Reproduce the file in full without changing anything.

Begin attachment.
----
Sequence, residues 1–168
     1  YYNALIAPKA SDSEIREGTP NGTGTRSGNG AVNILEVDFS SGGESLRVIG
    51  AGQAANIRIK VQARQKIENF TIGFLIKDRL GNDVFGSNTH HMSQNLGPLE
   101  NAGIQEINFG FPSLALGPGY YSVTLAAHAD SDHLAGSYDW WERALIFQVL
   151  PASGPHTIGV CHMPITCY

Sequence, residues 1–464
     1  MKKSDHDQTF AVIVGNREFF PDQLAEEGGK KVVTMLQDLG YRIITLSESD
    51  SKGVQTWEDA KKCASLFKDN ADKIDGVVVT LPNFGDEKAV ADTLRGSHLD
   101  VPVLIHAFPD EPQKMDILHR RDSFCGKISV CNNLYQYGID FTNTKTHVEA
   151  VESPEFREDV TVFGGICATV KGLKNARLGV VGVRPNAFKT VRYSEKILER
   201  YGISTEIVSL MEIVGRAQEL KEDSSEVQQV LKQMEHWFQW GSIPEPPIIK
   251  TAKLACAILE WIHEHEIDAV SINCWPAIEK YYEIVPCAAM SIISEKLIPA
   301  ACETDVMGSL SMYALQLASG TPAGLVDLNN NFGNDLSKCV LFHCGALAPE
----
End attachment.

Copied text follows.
Sequence, residues 1–168
     1  YYNALIAPKA SDSEIREGTP NGTGTRSGNG AVNILEVDFS SGGESLRVIG
    51  AGQAANIRIK VQARQKIENF TIGFLIKDRL GNDVFGSNTH HMSQNLGPLE
   101  NAGIQEINFG FPSLALGPGY YSVTLAAHAD SDHLAGSYDW WERALIFQVL
   151  PASGPHTIGV CHMPITCY

Sequence, residues 1–464
     1  MKKSDHDQTF AVIVGNREFF PDQLAEEGGK KVVTMLQDLG YRIITLSESD
    51  SKGVQTWEDA KKCASLFKDN ADKIDGVVVT LPNFGDEKAV ADTLRGSHLD
   101  VPVLIHAFPD EPQKMDILHR RDSFCGKISV CNNLYQYGID FTNTKTHVEA
   151  VESPEFREDV TVFGGICATV KGLKNARLGV VGVRPNAFKT VRYSEKILER
   201  YGISTEIVSL MEIVGRAQEL KEDSSEVQQV LKQMEHWFQW GSIPEPPIIK
   251  TAKLACAILE WIHEHEIDAV SINCWPAIEK YYEIVPCAAM SIISEKLIPA
   301  ACETDVMGSL SMYALQLASG TPAGLVDLNN NFGNDLSKCV LFHCGALAPE